U.S. drug spending dropped last year. While that may be welcome news for healthcare budgets, it's not so good for branded drugmakers. It may not be so good for patients, either.
What happens when a new drug comes charging out of the launch gate? For Biogen Idec, it means a rethink of its real estate plans.
It's no big secret that international drugmakers are miffed at India. Revoking a few drug patents and overriding others will do that. But India's own pharma companies have their own beef with government policy--namely government pricing policies.
Teva CEO Jeremy Levin thinks his company and China are a match made in heaven. The Israeli generics giant is, after all, adept at making and selling cheap drugs, which the fast-growing Chinese market needs. And Teva has a strong portfolio of respiratory treatments--perfect for a country beset by air pollution.
Novo Nordisk and its profit-growth plans hit a roadblock earlier this year when the FDA refused to approve its new diabetes drug, Tresiba, without a new safety study. But CEO Lars Sorensen thinks he has an alternate route through a new weight-loss indication for the already top-selling Victoza.
Teva Pharmaceutical Industries' hot potato contraceptive drug Plan B One Step is getting tossed around some more, as a U.S. federal judge labeled the U.S government's position on it "intellectually dishonest."
Want to see more divestment action in Big Pharma? Just wait. That's what investment bankers are predicting, now that Pfizer and AbbVie have led the way.
GlaxoSmithKline ($GSK) has set up a new online system that researchers can use to ask for the data on its approved therapies.
Merck & Co. hasn't spent huge amounts of time and resources pushing its consumer health business. While other Big Pharmas like Sanofi ($SNY) and GlaxoSmithKline ($GSK) went around the world snapping up smaller businesses in the space, Merck ($MRK) at first weighed the idea of selling off the consumer unit it acquired in its 2009 merger with Schering-Plough.
The FDA is picky about drug names. It's been known to reject brand monikers because they're too similar to others already out there in the market, worried that harried physicians and pharmacists might accidentally give patients the wrong one.
The DEA has made its decision on Belviq, the weight-loss drug that's been sitting on Arena's launching pad since its FDA approval last June. Belviq is now officially a Schedule IV controlled substance, and Arena can fire up its engines for a launch next month.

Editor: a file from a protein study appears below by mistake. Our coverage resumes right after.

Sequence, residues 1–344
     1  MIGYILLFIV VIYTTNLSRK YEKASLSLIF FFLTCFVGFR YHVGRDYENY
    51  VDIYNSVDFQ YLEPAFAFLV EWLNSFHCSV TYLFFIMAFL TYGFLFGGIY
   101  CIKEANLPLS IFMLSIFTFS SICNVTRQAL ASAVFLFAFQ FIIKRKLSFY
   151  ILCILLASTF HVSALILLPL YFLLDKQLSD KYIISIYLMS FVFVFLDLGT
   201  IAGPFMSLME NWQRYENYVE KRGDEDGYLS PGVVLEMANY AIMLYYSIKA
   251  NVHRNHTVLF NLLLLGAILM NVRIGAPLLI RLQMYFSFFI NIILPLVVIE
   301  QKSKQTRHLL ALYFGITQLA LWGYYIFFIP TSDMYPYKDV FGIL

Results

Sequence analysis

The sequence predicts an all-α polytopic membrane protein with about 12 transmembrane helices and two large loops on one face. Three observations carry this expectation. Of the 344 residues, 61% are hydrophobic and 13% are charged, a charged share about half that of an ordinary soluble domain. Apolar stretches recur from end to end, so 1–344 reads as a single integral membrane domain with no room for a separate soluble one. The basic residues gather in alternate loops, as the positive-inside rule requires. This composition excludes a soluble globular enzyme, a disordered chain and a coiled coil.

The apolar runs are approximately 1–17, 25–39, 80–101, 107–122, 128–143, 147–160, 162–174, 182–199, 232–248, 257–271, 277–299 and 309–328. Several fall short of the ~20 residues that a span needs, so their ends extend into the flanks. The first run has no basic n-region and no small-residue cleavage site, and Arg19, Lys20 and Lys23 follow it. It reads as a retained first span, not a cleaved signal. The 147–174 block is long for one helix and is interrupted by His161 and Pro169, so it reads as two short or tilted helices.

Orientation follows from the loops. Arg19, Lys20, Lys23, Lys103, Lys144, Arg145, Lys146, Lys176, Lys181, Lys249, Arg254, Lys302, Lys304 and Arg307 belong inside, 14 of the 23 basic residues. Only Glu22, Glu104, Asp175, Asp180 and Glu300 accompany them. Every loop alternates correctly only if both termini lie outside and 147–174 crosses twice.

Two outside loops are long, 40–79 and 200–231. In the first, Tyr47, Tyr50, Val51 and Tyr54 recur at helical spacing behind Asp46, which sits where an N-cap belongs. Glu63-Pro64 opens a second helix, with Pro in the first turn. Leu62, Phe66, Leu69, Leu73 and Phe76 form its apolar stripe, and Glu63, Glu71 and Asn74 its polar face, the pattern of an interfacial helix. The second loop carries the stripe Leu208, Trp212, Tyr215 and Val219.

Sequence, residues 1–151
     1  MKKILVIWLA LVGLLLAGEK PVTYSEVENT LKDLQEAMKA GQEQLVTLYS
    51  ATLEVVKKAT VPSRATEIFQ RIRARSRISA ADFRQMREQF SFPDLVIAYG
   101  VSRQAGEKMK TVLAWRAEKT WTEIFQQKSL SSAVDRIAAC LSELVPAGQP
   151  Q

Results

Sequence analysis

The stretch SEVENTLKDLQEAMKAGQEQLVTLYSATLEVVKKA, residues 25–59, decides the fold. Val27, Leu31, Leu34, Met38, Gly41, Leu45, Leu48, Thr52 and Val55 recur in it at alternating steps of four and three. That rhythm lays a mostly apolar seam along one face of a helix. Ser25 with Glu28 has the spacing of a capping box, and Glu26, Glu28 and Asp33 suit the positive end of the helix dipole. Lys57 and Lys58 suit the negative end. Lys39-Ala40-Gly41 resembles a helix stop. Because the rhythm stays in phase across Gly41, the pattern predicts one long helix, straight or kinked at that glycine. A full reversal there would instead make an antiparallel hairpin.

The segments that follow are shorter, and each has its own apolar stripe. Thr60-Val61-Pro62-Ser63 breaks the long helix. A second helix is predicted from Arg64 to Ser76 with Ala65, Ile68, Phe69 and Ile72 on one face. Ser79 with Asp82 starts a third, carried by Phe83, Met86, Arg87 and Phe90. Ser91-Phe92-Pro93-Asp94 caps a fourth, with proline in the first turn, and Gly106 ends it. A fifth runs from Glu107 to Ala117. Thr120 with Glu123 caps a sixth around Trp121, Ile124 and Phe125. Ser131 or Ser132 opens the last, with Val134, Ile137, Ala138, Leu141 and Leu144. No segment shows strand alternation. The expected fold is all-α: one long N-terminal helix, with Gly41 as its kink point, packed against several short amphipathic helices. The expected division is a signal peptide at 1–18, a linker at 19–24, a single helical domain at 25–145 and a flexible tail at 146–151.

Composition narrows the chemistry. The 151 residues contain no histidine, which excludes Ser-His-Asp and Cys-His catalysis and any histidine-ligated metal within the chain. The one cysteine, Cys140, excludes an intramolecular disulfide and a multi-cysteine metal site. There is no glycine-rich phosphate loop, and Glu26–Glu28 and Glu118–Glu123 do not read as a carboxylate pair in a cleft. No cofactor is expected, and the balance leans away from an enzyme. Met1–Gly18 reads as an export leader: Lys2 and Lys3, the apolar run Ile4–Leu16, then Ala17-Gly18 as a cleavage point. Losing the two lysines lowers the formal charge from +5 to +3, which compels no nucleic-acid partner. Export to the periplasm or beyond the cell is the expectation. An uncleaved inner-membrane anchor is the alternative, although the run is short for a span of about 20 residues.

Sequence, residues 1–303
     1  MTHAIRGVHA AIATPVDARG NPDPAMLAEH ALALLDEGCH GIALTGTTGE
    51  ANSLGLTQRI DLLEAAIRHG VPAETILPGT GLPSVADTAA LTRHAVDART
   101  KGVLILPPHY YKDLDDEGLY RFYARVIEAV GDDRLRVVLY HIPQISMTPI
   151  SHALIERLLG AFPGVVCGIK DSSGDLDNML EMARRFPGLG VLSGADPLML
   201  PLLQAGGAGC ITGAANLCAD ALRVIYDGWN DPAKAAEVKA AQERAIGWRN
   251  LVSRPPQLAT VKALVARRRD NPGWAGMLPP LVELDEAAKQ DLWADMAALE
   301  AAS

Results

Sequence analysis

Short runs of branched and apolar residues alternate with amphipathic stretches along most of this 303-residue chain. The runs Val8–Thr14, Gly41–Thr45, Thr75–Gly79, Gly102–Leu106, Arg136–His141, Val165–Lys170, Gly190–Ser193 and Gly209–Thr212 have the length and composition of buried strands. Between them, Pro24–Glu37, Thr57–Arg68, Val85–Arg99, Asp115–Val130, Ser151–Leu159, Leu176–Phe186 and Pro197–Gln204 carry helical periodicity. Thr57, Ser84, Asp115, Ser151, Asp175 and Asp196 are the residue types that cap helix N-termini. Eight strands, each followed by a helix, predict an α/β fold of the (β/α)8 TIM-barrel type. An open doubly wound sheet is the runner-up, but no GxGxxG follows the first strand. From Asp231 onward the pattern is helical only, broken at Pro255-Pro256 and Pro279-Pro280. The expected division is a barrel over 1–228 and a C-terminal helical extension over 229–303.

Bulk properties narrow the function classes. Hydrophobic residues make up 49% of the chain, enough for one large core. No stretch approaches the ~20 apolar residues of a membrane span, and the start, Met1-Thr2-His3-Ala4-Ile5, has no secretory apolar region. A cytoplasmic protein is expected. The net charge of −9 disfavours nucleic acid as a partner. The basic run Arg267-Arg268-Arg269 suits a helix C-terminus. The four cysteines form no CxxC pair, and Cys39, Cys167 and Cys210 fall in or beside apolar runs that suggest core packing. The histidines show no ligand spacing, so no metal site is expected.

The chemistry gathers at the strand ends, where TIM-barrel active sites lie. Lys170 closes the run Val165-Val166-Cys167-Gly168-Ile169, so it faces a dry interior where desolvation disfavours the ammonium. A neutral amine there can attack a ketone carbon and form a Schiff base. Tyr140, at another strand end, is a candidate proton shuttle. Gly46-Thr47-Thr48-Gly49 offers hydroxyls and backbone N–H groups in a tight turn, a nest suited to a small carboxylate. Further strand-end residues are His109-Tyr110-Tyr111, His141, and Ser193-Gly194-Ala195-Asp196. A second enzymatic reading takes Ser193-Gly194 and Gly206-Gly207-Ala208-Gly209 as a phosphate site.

Eli Lilly Chairman and CEO John Lechleiter is scheduled for surgery for a dilated aorta on Monday and will hand the CEO reins over to CFO Derica Rice as he recovers. If all goes well, he'll be back on the job later this summer, the company said.
Salesforce cuts are coming down at Eli Lilly, and 40% of its U.S. sales force will be out. According to the company, the drugmaker sent a state Warn Notice to 1,624 sales positions, of which about 1,000 will be let go.
Johnson & Johnson won FDA approval for its Sedasys device to administer the sedative propofol.
South Korean regulators have forced Johnson & Johnson to halt production at an over-the-counter drug plant, and Indian watchdogs are doing the same at a consumer healthcare facility in their country.
A group of minority Schering AG shareholders held out to the bitter end against what Bayer wanted to pay them for their shares, and they will now get the sweet deal they said they deserved.
Covidien unveiled its forecast for Mallinckrodt, the drug unit it plans to set free later this year. Percentage-wise, the expectations are strong: For the fiscal year ending on September 27, Covidien predicts sales growth of 7% to 11% compared with 2012.
Merck will soon launch a new cholesterol combo that melds its Zetia drug with generic Lipitor. The Zetia-plus-statin approach isn't new, of course; Merck already sells Vytorin, a combination of Zetia and its own off-patent statin Zocor, known generically as Simvastatin.
Pfizer ($PFE) is testing the online-sales waters with a new program to sell Viagra directly to consumers. It's a natural choice: Makers of erectile dysfunction drugs have been working on packaging and formulation changes to make it easier--and more discreet--for men to use them.
Drugmakers hope to export their success to emerging markets so they can reap big rewards, but Johnson & Johnson's Janssen unit appears to have taken a backward approach in South Korea, where it is in hot water over a recall of Children's Tylenol products.